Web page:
Zombies and bestsellers

I just finished reading World War Z by Max Brooks, which is #87 on the list of 100 books the algorithm in The Bestseller Code (Jodie Archer and Matthew Jockers) thinks you should read. I enjoyed it – my review is on Goodreads if you’re interested – and one of my compatriots in this 100-book journey suggested looking back at The Bestseller Code to try to understand why this was chosen.

Theme and topics

The algorithm says that bestsellers limit their focus. They give 30% of their paragraphs to just one or two topics. This focus brings both depth and a story that can be easily followed by the reader. WWZ clearly hits this mark: everything in the book is about the zombies – how the plague got started, how it spread, how it affected the world, and how humanity fought back.

As for secondary topics, an important one is work – TBC mentions Stephen King’s assertion that readers love to read about work, and in WWZ, which is structured in the form of interview notes with people who lived through the crisis, almost all the interviews are with people who were doing their jobs. We read about pilots, astronauts, soldiers, doctors, and sleazy profiteers.

Maybe the absence of human closeness as an important secondary topic – it comes up some, but not a lot – helps explain why this is ranked #87 on the list and not higher. On the other hand, the book is sound on dogs, another important feature to the reading public. And it includes lots of modern technology, with descriptions and even footnotes about military vehicles and weapons.

Pace and plotting

Bestsellers break up the tension with scenes of ordinary life, giving readers a chance to catch their breath. I think the lead-ins to the interviews serve this function: they provide a little background about the person being interviewed and the life they’re living now, after the worst is over.

The algorithm identified 7 patterns in ups and downs of bestseller plots. I think WWZ matches one of them pretty well. It’s the same one that fits Stephen King’s The Stand, another story where humanity is decimated by a terrible plague and the world is changed forever. The key seems to be that the curves need to be steep enough to grab the reader. WWZ gives us a plummeting downhill slope from warnings and blame to the great panic; gives us something to cheer about when people figure out how to fight back; and then drags us down again with what’s happened to the world and the seemingly endless task of eradicating the remaining zombies.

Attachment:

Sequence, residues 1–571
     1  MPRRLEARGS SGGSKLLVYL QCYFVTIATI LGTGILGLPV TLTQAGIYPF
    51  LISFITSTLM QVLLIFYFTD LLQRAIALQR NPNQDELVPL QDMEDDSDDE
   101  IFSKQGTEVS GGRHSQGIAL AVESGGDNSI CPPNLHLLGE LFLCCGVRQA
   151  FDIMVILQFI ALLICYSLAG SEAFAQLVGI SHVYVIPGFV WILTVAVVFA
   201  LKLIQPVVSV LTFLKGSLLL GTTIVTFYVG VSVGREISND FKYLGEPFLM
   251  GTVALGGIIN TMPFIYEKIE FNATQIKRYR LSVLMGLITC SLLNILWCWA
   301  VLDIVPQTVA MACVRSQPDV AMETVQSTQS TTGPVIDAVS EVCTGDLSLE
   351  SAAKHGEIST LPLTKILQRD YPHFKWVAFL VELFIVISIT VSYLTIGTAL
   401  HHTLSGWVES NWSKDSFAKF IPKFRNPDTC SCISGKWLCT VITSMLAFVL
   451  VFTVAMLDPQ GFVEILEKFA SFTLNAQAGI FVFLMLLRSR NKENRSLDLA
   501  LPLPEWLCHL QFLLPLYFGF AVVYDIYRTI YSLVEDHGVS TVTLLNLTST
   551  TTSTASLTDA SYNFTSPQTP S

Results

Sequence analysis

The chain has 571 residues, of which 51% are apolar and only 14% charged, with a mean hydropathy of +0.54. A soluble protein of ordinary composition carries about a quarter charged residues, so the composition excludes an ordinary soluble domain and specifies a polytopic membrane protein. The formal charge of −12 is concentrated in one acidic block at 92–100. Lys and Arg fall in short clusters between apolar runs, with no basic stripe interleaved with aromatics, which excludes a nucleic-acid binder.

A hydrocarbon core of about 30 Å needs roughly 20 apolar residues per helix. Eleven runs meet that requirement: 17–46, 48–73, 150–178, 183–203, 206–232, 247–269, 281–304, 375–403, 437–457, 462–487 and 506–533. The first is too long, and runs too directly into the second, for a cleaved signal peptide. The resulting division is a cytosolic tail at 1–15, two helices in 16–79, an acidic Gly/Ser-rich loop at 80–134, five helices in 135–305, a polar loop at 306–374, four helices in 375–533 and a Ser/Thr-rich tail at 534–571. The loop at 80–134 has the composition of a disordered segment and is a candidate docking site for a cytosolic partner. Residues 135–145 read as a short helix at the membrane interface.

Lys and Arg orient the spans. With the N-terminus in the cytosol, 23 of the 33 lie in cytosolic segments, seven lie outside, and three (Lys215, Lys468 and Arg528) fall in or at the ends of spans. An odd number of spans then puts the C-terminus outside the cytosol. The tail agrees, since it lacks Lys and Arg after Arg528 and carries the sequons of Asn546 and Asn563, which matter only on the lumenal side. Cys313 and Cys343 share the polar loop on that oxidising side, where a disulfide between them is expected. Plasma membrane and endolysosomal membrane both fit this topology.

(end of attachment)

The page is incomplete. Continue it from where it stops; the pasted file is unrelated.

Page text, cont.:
Style and voice

Readers like voices that speak with authority, like Jane Austen’s famous first line in Pride and Prejudice: “It is a truth universally acknowledged, that a single man in possession of a good fortune must be in want of a wife.” And many modern readers like language that sounds like the way people talk, which TBC calls the journalistic (as opposed to literary) style and, by the way, identifies with women writers. The structure of WWZ does this brilliantly. The interviewer barely appears, so each piece is the transcribed speech of a person who lived through events and has had time to reflect on them and decide what they think about it. While I was reading the book, my only quibble was that not all the voices were differentiated from each other.

Characters with agency

Finally, readers like characters who do things. WWZ‘s 100-ish interviews are all with people who did something. The algorithm identifies this through analyzing word choice. Flipping back through the pages of WWZ, I see flying, guard, make a stand, risk, drop, climb, slam, shoot, grab, drilled, jazzed, all showing characters doing stuff. The book also has some good, strong female characters. And let’s not forget the dogs, who sniff, hunt, launch themselves, and lure.

If you’d like to learn more about the Bestseller Code 100 or join us on our journey, check out the official book group site at Roberta and Karen’s It’s A Mystery blog.

 

 

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Living better the Nashville way